Today, the U.N. Human Rights Committee begins its two-day review of Kyrgyzstan’s compliance with the International Covenant on Civil and Political Rights. By ratifying the treaty in October 1994, Kyrgyz authorities pledged to enforce internationally recognized provisions regarding the protection of human rights, and freedom of expression, in their country.
But CPJ research shows that Kyrgyzstan has consistently violated ICCPR provisions. Attacks against reporters; impunity in journalist murders, including of journalist Alisher Saipov; blocking of the news website Ferghana News; the politicized prosecution of ethnic Uzbek media owners, including Dzhavlon Mirzakhodzhayev of Mezon TV and Khalil Khudaiberdiyev of Osh TV; and the ongoing imprisonment of investigative reporter Azimjon Askarov have marred the climate of press freedom in Kyrgyzstan.
These and other press freedom and human rights abuses in Kyrgyzstan are on today’s agenda of the U.N. Human Rights Committee in Geneva. As mandated by the procedure, Kyrgyzstan submitted a report to the Committee, as well as a response to a list of issues documenting notable examples of human rights abuses, among others, in the country.
Multiple local and international human rights and press freedom groups, including CPJ, also submitted reports on Kyrgyzstan, calling on the U.N. agency to hold Kyrgyzstan responsible for violations of ICCPR provisions. The groups’ reports are available on the Committee’s website.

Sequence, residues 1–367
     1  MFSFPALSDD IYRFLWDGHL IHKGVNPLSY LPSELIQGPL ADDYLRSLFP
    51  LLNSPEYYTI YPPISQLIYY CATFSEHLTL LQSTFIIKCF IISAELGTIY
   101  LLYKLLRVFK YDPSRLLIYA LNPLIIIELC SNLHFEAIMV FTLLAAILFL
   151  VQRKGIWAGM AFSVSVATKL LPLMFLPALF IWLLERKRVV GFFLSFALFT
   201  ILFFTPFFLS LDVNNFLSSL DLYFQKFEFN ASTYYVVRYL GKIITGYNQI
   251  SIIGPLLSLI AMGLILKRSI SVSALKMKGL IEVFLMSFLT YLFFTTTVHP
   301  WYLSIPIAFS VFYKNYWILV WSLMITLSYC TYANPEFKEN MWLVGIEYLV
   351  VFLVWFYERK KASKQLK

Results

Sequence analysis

CPJ’s submission focused on impunity in journalist murders, attacks on the press, and official harassment of journalists and news outlets. The report also highlighted the case of Azimjon Askarov, a journalist imprisoned for life in Kyrgyzstan in retaliation for his reporting on abuses committed by law enforcement agents. “[Askarov’s] case,” CPJ wrote in its submission, “stands out as a clear example of Kyrgyz authorities’ violation of several of ICCPR provisions–including Article 7 (banning torture and other cruel treatment), Article 9 (banning arbitrary detention), Article 10 (on the humane treatment of detainees), Article 14 (on access to a fair trial), and Article 19 (on freedom of expression).”
Impunity in anti-press crimes, as well as the unjust prosecution of critical journalists and news outlets, serves as a grim reminder of the risks for the independent press, CPJ research shows. As a result, news media are forced to restrict their coverage of sensitive issues, such as rampant government corruption and widespread human rights abuses, which effectively deprives local residents and the international community of their right to access news in the public interest.
Read CPJ’s submission here.